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|Title:||How does mental health status relate to accessibility and remoteness?|
|Citation:||Medical Journal of Australia, 2004; 181(10):540-543|
|Publisher:||Australasian Med Publ Co Ltd|
|Kerena A. Eckert, Anne W. Taylor, David D. Wilkinson and Graeme R. Tucker|
|Abstract:||OBJECTIVE: To determine whether mental illness is associated with accessibility and remoteness. DESIGN: A cross-sectional, population-based, computer-assisted telephone interview survey, stratified by Accessibility and Remoteness Index of Australia (ARIA) categories. SETTING: Secondary analysis of data collected from 2545 South Australian adults in October and November 2000. OUTCOME MEASURES: Psychological distress and depression as determined by the Kessler 10 Psychological Distress Scale, the SF-12 measure of health status, and self-reported mental illness diagnosed by a doctor in the previous 12 months. RESULTS: Overall, mental illness prevalence estimates were similar using the three measures of psychological distress (10.5%), clinical depression (12.9%) and self-reported mental health problem (12.7%). For each measure, there was no statistically significant variation in prevalence across ARIA categories, except for a lower than expected prevalence of depression (7.7%) in the “accessible” category. There was no trend suggesting higher levels of mental illness among residents of rural and remote regions. CONCLUSIONS: The prevalence rates of psychological distress, depression and self-reported mental illness are high. However, we found no evidence that the prevalence of these conditions varies substantially across ARIA categories in South Australia. This finding may challenge existing stereotypes about higher levels of mental illness outside metropolitan Australia.|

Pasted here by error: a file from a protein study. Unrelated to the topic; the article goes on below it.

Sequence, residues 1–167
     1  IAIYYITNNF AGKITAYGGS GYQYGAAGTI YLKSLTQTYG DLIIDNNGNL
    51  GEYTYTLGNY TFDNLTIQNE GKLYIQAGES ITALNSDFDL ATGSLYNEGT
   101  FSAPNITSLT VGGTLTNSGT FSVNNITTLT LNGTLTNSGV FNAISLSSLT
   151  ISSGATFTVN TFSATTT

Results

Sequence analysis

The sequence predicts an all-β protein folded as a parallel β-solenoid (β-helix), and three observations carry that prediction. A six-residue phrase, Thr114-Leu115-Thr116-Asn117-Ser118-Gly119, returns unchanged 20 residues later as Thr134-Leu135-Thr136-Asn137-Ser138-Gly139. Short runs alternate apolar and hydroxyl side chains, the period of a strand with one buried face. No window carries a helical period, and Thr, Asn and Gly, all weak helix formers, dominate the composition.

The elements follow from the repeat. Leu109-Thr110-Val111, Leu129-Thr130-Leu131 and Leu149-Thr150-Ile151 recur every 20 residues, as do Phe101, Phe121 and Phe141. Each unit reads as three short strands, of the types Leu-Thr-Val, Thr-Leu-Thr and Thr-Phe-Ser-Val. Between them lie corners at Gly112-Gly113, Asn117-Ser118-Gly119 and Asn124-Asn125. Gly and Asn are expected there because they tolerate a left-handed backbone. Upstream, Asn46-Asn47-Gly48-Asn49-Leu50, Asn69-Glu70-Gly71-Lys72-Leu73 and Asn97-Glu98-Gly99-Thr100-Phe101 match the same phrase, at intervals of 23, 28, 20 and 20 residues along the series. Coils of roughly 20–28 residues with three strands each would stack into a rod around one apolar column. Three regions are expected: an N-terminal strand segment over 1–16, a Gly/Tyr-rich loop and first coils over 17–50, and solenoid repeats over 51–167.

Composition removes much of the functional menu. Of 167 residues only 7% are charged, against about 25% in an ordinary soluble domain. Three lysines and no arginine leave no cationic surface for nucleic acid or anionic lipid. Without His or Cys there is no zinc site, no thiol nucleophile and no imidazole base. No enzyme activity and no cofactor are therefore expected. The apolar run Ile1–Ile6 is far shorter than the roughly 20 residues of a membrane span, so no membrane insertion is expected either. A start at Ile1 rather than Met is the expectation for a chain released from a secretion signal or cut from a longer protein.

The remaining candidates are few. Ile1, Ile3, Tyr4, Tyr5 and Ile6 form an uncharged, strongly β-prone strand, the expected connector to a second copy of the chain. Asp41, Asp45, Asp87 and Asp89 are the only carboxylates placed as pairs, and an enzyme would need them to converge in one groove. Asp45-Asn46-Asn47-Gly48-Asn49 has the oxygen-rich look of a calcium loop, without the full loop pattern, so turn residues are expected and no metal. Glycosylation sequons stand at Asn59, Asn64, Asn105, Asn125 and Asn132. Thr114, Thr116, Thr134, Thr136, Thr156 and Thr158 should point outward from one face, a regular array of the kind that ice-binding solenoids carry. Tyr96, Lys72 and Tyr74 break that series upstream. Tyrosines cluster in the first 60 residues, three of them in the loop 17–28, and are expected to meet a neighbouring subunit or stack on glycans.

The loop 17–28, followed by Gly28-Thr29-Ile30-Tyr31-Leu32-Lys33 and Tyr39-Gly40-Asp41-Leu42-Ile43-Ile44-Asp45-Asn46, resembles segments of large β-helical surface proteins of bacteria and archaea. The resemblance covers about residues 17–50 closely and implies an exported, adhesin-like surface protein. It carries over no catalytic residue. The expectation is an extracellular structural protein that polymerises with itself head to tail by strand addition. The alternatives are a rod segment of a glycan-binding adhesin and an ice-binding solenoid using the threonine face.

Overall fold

Health Status Indicators
Health Services Accessibility
|Rights:||© The Medical Journal of Australia 2004|
|Appears in Collections:||Aurora harvest|
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